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Open AccessEditorial
Women Architects on the Road to an Egalitarian Profession—The Portuguese and Spanish Cases
Arts 2020, 9(1), 40; https://doi.org/10.3390/arts9010040 - 23 Mar 2020
Abstract
The 1970s was a key decade in the path towards democracy in the Iberian Peninsula. Portugal and Spain suffered deep social, cultural and political changes, with Salazar’s and Franco’s Totalitarian Regimes ending in 1974 and 1975 respectively. In both countries, located side-by-side in [...] Read more.
The 1970s was a key decade in the path towards democracy in the Iberian Peninsula. Portugal and Spain suffered deep social, cultural and political changes, with Salazar’s and Franco’s Totalitarian Regimes ending in 1974 and 1975 respectively. In both countries, located side-by-side in the Western end of Southern Europe, democracy was finally established, marking a turning point in the liberties of all Iberian citizens, but especially in regard to women’s life and work. As the Editorial of the Special Issue ‘Becoming a Gender Equity Democracy: Women and Architecture Practice in Spain and Portugal’, this text aims to briefly present this panorama to appreciate the particularities of Portugal and Spain in relation with the delay incorporation of women to the architecture profession. It explains the gender stereotypes of Salazar’s and Franco’s Regime in order to understand the discrimination against women that they produced and how it maintained women far from the architecture profession. Therefore, it provides useful data on the incorporation of women into architectural studies in order to understand the feminization of this gendered profession in both countries. This Special Issue aims to create an opportunity for researchers and scholars to present discussions and ongoing research on how democracy affected women that wanted to practice architecture as well as architectural analysis of women architects. Full article

Research

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Open AccessArticle
Women Architects in Portugal: Working in Colonial Africa before the Carnation Revolution (1950–1974)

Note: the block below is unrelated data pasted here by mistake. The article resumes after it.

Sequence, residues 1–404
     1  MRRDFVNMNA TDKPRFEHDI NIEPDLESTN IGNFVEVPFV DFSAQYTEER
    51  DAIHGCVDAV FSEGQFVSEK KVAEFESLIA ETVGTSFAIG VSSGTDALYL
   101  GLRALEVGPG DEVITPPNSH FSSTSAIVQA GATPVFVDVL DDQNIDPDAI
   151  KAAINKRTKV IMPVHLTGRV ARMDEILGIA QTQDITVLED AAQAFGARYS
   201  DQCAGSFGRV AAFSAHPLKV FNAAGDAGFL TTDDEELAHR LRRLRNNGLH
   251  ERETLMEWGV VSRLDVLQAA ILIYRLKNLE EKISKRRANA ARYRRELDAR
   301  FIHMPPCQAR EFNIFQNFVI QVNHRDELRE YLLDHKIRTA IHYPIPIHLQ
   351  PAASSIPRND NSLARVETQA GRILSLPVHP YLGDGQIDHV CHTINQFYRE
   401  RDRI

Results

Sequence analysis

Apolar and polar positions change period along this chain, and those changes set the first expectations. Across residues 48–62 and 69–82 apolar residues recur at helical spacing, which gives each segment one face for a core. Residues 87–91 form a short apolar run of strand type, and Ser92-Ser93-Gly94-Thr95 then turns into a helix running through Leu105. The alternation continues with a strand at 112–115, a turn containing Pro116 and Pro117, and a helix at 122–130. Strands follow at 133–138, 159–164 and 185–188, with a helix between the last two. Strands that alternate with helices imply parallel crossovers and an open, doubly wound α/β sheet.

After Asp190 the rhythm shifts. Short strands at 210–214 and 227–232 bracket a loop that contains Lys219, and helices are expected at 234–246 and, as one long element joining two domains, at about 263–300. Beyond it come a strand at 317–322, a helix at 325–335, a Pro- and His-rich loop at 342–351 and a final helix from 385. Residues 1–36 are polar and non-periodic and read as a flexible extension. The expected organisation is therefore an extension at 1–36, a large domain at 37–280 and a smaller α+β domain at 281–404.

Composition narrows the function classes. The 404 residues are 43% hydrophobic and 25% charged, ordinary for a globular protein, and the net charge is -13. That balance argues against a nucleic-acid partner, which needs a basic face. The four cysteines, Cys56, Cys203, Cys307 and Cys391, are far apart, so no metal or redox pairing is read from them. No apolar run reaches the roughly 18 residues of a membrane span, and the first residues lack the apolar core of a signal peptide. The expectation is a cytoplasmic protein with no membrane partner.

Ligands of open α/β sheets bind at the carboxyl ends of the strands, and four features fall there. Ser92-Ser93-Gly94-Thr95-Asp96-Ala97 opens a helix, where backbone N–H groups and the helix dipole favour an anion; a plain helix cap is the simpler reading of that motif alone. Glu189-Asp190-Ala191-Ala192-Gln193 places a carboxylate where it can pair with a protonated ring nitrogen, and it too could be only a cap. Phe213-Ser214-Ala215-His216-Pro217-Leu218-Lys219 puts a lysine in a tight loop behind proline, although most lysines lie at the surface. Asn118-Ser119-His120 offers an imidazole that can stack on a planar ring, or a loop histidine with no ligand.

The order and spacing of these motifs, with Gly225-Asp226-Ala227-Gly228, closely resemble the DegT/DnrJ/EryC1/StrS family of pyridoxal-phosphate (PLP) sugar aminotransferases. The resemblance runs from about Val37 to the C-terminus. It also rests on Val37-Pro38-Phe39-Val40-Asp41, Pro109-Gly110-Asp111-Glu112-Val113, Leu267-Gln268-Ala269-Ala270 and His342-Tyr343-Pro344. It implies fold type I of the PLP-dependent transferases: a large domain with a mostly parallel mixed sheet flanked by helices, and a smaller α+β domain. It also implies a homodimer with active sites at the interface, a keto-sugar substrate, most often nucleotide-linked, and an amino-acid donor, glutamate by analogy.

Arts 2020, 9(3), 86; https://doi.org/10.3390/arts9030086 - 31 Jul 2020
Abstract
How did women architects shape a modern world in the late period of Portuguese colonial Africa, just before the Carnation Revolution? The specific role of women in Portugal working in colonial African architectural culture has now started to be addressed by Portuguese and [...] Read more.
How did women architects shape a modern world in the late period of Portuguese colonial Africa, just before the Carnation Revolution? The specific role of women in Portugal working in colonial African architectural culture has now started to be addressed by Portuguese and Lusophone-African historiography. During the 1950s, the presence of women in the metropolitan schools of architecture was reduced. Of those who could graduate, few actually worked as architects. Most were absorbed by the commonly feminine roles, resulting from marriage and from the ideal of family promoted by the Estado Novo dictatorship. To the ones that risked prosecution for working outside the family, the option of jobs associated with the feminine universe, such as teaching, was privileged. Among those who were emancipated from this pattern, the majority worked in familiar partnerships, regarded as an extension of marriage. The women architects that follow the husbands in their African emigration often ended up having the opportunities to work in their professional field partly due to the lack of qualified technicians, and to the high demand of commissions. This paper not only seeks to outline a perspective on these women, but also tries to understand the context of their work by presenting two case-studies in the late in the late period of Portuguese Colonisation: Maria Carlota Quintanilha and Maria Emilia Caria. Full article
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Open AccessArticle
The Contribution of the Architect Pascuala Campos to the Implementation of a Gender Perspective in the Galician Context
Arts 2020, 9(3), 76; https://doi.org/10.3390/arts9030076 - 09 Jul 2020
Abstract
The incorporation of women in society, as active professionals, was probably one of the most important parameters of modernity in the last century. Until the beginning of the twentieth century, women who entered the world of architecture were, generally, assigned to the design [...] Read more.